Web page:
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      tl;dr to avoid GC copying secrets around, they just mmap off the go heap.

      I made secstr for Rust a while ago. Didn’t have to do anything like that thanks to Rust’s no-GC memory mangement :)

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      If you use crypto implementations in the standard library you are pretty much back to square one, as they copy key material. https://github.com/golang/go/issues/21865

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      I don’t fully understand the threat model. Presumably unprivileged processes cannot read another users processes arbitrarily, and if they can, then isn’t it just making the attack slightly harder? Do kernels not wipe physical memory when reallocating it to other processes?

      What does this defend against?

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        I think people take it a bit too far, but the various threats include:

        1. Do a crypto op. Do an insecure op. An exploit finds the key leftover from previous crypto op.

        2. A variation of sorts of the above, the memory gets reused, leaks, oops.

        3. There’s some flavor of kernel bug that leaks memory, and you’d like to narrow the window of vulnerability.

        4. Suspend, hibernate, cold boot, etc.

        I think the threat model is basically adversary gets a snapshot of memory at some point, so you’d like it to be uninteresting.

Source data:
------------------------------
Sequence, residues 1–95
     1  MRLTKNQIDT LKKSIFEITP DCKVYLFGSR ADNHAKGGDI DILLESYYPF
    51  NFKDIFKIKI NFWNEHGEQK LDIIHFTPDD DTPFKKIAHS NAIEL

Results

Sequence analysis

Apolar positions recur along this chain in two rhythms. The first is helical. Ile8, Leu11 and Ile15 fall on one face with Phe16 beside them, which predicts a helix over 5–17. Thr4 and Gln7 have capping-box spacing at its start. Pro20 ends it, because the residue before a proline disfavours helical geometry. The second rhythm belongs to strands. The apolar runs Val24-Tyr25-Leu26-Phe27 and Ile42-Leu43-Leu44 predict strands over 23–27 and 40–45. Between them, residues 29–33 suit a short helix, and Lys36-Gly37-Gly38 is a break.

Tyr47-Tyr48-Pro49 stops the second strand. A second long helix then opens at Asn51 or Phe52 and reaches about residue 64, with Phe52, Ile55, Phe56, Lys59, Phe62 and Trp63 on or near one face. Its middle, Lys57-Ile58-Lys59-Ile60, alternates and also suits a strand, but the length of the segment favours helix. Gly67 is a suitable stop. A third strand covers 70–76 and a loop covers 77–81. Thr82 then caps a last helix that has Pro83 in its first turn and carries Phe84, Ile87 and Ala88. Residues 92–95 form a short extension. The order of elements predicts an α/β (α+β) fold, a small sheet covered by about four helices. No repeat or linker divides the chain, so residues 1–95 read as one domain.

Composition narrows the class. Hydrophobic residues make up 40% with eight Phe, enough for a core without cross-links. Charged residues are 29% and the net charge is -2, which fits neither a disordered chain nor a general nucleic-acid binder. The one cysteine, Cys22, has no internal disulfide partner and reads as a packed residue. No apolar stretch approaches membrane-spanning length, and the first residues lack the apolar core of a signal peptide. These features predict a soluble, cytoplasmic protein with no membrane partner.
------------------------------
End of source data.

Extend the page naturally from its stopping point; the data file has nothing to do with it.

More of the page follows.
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          Also: process crashes, core dump gets written with secrets inside of it, adversary gets access to disk.

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          Suspend sounds like a good use case. I might have to patch some go code I have.

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          Maybe add “code ran in VM that moved” to 4 depending on whether whatever manages them overwrites memory before dropping a new one. This could become a bigger risk for platforms that use lightweight VM’s/containers with rapid launch and shutdown.

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        It is, indeed, a lot of complexity for a threat model which most don’t need to worry about: naive RAM scrapers which they’d like to trip with the guard pages. A sophisticated attacker with remote code execution can easily sidestep such a defense, because the secrets are still sitting unencrypted in RAM.

        A better approach would be to actually encrypt the sensitive information. This is particularly useful for cryptographic keys, because we can e.g. use a key-encrypting-key sitting in XMM registers to decrypt an encrypted data-encrypting-key (DEK) into other xmm registers. That is to say, we can keep an encrypted copy of the DEK in memory, decrypt it into xmm registers when we want to use it, perform cryptographic operations with it, and then we never have to worry about the unencrypted version sitting around in memory in the first place.

        Or, if you’re really worried, use something like Intel SGX, or perform encryption using a separate physical device like a TPM, HSM, or Yubikey

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          I agree that encrypting secrets is the next logical step. I’ve been planning a scheme for a while now and it should hopefully land in the next major update, time permitting.